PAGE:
Over the past five years, the Apple Watch has emerged as the king of smartwatches, but there remains a lot of room for improvement.
We’d like to see some improvements that would probably require significant changes to the Apple Watch’s architecture—such as much better battery life or improved Siri capabilities—but most of the suggestions below should work well even on existing Apple Watches.
Customizable always-on display
I adore the Apple Watch Series 5’s always-on display. Unfortunately, it only works with two things: whatever watch face is active and Apple’s Workout app. If you’re using any other app, the app’s interface blurs for privacy when you turn your wrist away and a simple floating clock pops up.
Two options aren’t enough. Apple should let us choose which apps work with the always-on display through toggles in Settings. If it refuses to extend that privilege to third-party apps—and let’s admit it, it probably will—then it should at least allow it for native apps like Timer and Stopwatch.
Also, with the current design, the always-on display stays true to its name even when you’re asleep. When we turn on either Do Not Disturb or Theater Mode, Apple should either dim the display further or make it so it completely turns off when we’re not looking at it.
We’ve been saying we want sleep tracking on the Apple Watch for years, and we’ll keep saying it until Apple delivers. And it almost certainly will, considering that Apple bought Beddit back in 2017.
Apple may not be in too much of a hurry to introduce sleep tracking because you can already use third-party apps like AutoSleep and Pillow, and both are excellent. The iPhone maker has an intimate understanding of how well its hardware and software work together, though, and so there’s a good chance that whatever it creates will probably be better.
Right now the biggest riddle to solve is probably how to introduce sleep tracking without sacrificing too much battery life. Apple needs to figure that out soon. As my colleague Michael Simon argued in 2018, sleep tracking is one of the most compelling remaining reasons to buy a device like a Fitbit Versa 2 over an Apple Watch.
Third-party Apple Watch faces
Apple introduced several new watch faces with the Series 4 and Series 5, but overall the library of available faces remains tiny. You can pull off some creative tricks with the Photos watch face, but even then your options are slim.
Third-party watch faces technically exist, but Apple keeps a tight leash on them by limiting them to pricey premium editions from partners like Hermès or Nike. Apple likely worries that introducing more watch faces would diminish the exclusivity of those devices.
Yet a larger library of watch faces would let us further personalize our watches beyond what existing watch faces or watch bands allow. Heck, they would let us coordinate colors with those bands more easily.
Sorry, but we’re never going to see a situation where Apple lets you download any ol’ watch face from the internet. The Photos watch face is probably as close as we’re going to get to that. But I wouldn’t rule out seeing Apple offer a library of approved library of third-party watch faces, and I’d be willing to bet most of these would come from either well-known designers or corporations like Disney. After all, if we can get a Mickey Mouse watch face, then why not one for Snoopy? The beagle even has his own show on Apple TV+. For that matter, why not Baby Yoda? That’s a real missed opportunity there, Apple.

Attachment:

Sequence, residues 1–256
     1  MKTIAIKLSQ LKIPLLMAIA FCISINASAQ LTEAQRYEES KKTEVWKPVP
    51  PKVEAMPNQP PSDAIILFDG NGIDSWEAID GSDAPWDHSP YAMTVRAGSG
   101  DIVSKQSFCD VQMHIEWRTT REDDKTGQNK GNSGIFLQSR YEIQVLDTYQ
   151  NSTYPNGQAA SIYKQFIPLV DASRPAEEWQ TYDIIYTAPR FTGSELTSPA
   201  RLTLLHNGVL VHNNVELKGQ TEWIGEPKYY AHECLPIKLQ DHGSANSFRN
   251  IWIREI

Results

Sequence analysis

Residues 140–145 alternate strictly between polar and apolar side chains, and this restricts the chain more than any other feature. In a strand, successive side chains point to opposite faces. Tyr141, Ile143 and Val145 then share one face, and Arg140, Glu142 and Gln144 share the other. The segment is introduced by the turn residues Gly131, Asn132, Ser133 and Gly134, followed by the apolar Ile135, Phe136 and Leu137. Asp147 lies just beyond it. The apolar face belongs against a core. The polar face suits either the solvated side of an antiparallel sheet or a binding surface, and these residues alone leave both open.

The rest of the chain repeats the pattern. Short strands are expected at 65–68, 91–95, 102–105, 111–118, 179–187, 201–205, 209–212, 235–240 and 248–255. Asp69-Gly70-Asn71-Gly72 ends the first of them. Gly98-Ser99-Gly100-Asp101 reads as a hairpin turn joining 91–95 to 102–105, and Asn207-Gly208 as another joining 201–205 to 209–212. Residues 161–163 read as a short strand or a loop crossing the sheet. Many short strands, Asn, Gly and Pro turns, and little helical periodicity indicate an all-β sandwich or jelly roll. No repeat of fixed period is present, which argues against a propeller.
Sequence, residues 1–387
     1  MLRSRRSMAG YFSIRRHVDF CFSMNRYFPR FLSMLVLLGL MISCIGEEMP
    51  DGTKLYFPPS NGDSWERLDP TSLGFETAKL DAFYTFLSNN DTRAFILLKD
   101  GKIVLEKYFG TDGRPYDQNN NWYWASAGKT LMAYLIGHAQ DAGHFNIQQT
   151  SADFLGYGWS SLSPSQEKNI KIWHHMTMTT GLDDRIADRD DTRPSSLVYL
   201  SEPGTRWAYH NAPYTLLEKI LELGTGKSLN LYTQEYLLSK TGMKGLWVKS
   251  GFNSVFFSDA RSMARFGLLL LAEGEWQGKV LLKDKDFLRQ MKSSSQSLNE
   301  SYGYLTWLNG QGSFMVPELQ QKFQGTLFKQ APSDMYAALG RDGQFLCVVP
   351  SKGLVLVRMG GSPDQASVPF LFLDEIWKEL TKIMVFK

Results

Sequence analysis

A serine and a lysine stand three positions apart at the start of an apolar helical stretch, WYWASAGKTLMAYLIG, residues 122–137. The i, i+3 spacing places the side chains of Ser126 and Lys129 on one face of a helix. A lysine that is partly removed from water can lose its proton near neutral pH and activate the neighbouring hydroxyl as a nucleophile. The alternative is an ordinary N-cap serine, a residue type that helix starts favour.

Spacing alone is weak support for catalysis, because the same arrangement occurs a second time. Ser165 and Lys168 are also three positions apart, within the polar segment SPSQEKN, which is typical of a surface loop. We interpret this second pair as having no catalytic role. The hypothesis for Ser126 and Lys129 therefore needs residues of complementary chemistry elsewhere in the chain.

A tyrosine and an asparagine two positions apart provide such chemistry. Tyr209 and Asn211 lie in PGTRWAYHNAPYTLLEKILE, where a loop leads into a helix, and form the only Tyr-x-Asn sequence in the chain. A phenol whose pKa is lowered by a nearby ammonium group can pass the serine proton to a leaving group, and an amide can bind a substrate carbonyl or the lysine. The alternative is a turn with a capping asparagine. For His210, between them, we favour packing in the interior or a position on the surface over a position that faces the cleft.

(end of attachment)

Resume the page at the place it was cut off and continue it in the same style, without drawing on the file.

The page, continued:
A native Notes app
Almost five years after launch, the Apple Watch still doesn’t have a native Notes app. A little hilariously, Google Keep syncs with the Apple Watch, but not Apple’s own Notes.
Apple took a step in the right direction by (finally) bringing Voice Memos to the Apple Watch in watchOS 6, but text-based notes missed the boat again. It’s really bizarre, especially when you consider that Notes is one of Apple’s most commonly used and recognizable iOS apps.
And it can’t be hard to make. Bear, one of my favorite notetaking apps for both the Mac and iPhone, works flawlessly on the Apple Watch as well. I can quickly use my watch to sift through notes I types on either of those devices, and I can dictate new notes through the app itself.
It’s hard to overstate the convenience an Apple Watch Notes app would afford. Speakers could quickly glance at their notes before a speech. At the grocery store, you could look at your shopping list without pulling out your phone. High school students could use their notes to cheat on tests. Hmmm. Maybe that’s why Apple hasn’t baked it in.
A standalone Apple Watch
If Apple really wants the Apple Watch to take off more than it already has, then it should ditch the requirement that you need to have an iPhone before you can set one up or install updates.
I’ve argued this point before, and Apple took a big step toward making this idea a reality when it designed a native App Store for the Apple Watch in watchOS 6.
But it’s not enough. There are a lot of folks out there who would love to buy an Apple Watch—but refuse to buy an iPhone. Apple Watch adoption would increase wildly if Apple released a truly untethered Apple Watch, much as the iPod exploded in popularity after Apple released a Windows version of iTunes in 2003. For this to work, Apple would need to limit standalone watches to cellular-capable models and improve the experience of apps like the built-in App Store. I highly doubt Apple would release an Android version of the Watch app.
But there’s another, easier option: Apple could just let users set up their cellular Apple Watches through an iPad rather than an iPhone. The cheapest iPad costs only $329 (and they’re often on sale for much less than that), so it’s much more likely an Android phone owner would have one of those.